Our cause has still not fully triumphed. The vestiges of the old order have not yet dispersed. Enemies of the Russian Revolution are gathering their forces against it. Nevertheless, our gains are enormous. The peoples of Russia will express their will in the Constituent Assembly, which will be convened very soon based on universal, equal, direct, and secret suffrage. Already, we can predict with confidence that a democratic republic will triumph in Russia.
The Russian people possess full political freedom. They can now speak authoritatively about the country’s domestic and foreign policy. Appealing to all the peoples who have been ruined and destroyed in this horrific war, we declare that the time has come to struggle resolutely against aggression by governments of all countries. The time has come for all peoples to resolve the question of war and peace.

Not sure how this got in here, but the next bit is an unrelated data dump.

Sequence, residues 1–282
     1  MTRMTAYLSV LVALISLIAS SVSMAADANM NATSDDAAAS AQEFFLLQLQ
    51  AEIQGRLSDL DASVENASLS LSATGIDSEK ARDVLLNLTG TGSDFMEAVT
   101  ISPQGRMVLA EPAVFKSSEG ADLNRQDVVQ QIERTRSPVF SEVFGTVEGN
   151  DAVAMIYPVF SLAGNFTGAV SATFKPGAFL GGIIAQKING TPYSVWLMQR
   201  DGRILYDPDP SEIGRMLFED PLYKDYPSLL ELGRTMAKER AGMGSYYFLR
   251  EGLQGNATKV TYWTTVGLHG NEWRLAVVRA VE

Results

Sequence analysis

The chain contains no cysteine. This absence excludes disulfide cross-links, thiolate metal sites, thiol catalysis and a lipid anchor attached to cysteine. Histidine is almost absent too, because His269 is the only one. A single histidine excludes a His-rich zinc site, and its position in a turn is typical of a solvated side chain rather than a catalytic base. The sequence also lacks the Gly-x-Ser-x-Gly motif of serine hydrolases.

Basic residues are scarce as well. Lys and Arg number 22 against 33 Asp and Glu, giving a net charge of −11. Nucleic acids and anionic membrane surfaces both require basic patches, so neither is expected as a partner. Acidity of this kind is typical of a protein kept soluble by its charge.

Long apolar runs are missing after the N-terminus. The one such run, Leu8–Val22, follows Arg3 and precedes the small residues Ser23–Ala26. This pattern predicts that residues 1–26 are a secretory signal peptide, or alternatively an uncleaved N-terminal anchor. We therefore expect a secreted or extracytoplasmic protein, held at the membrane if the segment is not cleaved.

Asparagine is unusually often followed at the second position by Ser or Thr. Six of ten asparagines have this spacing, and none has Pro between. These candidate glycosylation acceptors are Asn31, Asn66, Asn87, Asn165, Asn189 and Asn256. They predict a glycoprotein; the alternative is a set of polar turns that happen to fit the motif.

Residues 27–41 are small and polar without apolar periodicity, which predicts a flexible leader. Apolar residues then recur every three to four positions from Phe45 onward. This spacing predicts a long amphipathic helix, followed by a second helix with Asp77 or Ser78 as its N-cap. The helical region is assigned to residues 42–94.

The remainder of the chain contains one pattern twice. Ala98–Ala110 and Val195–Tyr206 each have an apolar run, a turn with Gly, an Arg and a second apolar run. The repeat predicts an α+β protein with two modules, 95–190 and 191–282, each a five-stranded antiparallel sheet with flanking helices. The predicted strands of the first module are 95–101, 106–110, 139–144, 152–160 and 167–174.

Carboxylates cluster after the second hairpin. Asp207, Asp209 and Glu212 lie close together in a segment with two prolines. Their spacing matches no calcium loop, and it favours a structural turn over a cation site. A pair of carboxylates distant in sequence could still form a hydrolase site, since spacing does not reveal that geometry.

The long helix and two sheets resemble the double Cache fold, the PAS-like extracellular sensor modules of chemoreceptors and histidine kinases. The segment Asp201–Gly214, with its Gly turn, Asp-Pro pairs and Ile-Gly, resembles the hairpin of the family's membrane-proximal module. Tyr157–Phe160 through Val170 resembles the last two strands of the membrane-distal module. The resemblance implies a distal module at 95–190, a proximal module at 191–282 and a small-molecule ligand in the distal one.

Cognizant of its revolutionary strength, Russian democracy declares that it will oppose by all means the ruling classes’ aggressive policy. It calls upon the peoples of Europe to speak and act out jointly and resolutely to foster peace.
We appeal to our brothers, the proletarians of the Austro-German coalition, and above all to the German proletariat. From the very beginning of the war, we were convinced that by taking up arms against Russian autocracy you were defending European culture from Asian despotism. Many of you believed that this justified your support for the war. Now this justification no longer exists. Democratic Russia cannot threaten freedom and civilization.
We will firmly defend our own freedom from any kind of reactionary encroachments, whether internal or external. The Russian Revolution will not retreat from the bayonets of the conquerors and will not be crushed by foreign military force. We call upon you to throw off the yoke of your semi-autocratic order just as the Russian people shook off tsarist despotism. You should refuse to serve as a weapon of invasion and violence in the hands of kings, gentry landowners, and bankers. Together in friendship we will put a stop to the terrible slaughter, which disgraces humankind and casts a shadow over the great days of the birth of Russian freedom.